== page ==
Postscript: Why the New Perspective claims that “righteousness” means “covenant faithfulness” – and why it’s wrong

Here’s a very insightful post from Lee Irons critiquing the theory that “righteousness” means “covenant faithfulness”. I’ll quote a sizeable chunk of Irons’ conclusions because they’re highly relevant to both of my series on righteousness and covenant:

As you can see, the New Perspective claim that “the righteousness of God” is a cipher denoting “God’s saving faithfulness to his covenant” rests on the outdated Lowthian theory of Hebrew synonymous parallelism. Rather than equating “righteousness” with “faithfulness” (or “salvation”), it is better to see the instances in the Psalms and Isaiah where these terms are used in parallelism as “binoculars” in which these different concepts mutually interpret one another and lead to a picture that is larger than the sum of its parts.

God’s salvation is the result of his faithfulness to his covenant with Abraham. God’s salvation is also an expression of his righteousness, because he executes salvation in a manner that is consistent with his justice and holiness; indeed, salvation itself is an essentially judicial activity, for salvation comes through judgment. For example, at the Exodus, God’s deliverance of his people was accomplished by judgment on the Egyptians. At the cross, salvation was accomplished because the judgment we deserved was borne by Jesus as our substitute.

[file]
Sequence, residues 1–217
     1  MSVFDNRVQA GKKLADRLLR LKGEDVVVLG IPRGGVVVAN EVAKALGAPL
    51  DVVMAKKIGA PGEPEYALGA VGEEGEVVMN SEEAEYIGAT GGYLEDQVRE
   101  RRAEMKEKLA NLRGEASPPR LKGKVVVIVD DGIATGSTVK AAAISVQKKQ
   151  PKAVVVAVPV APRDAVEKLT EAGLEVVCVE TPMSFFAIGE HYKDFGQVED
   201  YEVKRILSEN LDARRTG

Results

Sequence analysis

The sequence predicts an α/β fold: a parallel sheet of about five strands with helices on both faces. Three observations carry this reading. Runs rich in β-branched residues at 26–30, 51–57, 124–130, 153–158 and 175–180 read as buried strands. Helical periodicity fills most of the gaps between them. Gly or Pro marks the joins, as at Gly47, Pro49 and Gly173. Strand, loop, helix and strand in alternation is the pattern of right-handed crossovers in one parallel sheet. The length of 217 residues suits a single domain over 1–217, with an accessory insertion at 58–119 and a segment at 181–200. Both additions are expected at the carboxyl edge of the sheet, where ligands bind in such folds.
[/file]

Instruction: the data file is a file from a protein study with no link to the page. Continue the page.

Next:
In other words, when “God’s salvation” or “God’s faithfulness” and “God’s righteousness” are found in parallel, the conclusion we are to draw is not that the word “righteousness” itself means “salvation” or “faithfulness,” but that God’s saving activity comes in fulfillment of his covenant promises and is an expression of his righteousness. Especially in those cases where “salvation” and “righteousness” are parallel (see, e.g., Psalm 98:2; Isaiah 51:5-8; 56:1), the point is that God’s salvation has a strongly judicial dimension.

To conclude, the static Lowthian theory of synonymous parallelism has been superceded in the last 30 years by a more nuanced understanding, and this scholarly shift in the interpretation of Hebrew poetry undermines one of the pillars of the NPP. When properly understood, Hebrew parallelism provides no support for the theory that δικαιοσύνη θεοῦ is a cipher for God’s faithfulness to his covenant.

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